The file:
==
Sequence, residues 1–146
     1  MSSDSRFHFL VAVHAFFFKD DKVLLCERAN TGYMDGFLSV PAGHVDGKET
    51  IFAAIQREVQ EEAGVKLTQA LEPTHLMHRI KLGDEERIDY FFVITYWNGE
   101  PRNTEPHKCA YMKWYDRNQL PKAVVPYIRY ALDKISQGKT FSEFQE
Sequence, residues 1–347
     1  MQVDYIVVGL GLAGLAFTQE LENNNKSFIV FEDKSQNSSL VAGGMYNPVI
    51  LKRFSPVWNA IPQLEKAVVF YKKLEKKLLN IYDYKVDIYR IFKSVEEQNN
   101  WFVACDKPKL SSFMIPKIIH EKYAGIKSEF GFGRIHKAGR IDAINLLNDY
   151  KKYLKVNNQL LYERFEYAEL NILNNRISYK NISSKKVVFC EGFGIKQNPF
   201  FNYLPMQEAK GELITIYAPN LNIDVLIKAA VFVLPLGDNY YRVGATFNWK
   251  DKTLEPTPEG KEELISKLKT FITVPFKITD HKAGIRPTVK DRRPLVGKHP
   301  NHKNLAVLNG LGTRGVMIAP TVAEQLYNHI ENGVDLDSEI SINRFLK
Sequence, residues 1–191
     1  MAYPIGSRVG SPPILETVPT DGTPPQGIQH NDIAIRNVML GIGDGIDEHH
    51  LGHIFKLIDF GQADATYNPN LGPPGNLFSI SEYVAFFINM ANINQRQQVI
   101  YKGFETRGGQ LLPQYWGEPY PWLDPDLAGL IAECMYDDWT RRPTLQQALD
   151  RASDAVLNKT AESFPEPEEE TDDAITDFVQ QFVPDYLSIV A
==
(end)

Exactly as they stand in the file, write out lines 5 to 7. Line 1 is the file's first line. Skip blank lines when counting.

Sequence, residues 1–347
     1  MQVDYIVVGL GLAGLAFTQE LENNNKSFIV FEDKSQNSSL VAGGMYNPVI
    51  LKRFSPVWNA IPQLEKAVVF YKKLEKKLLN IYDYKVDIYR IFKSVEEQNN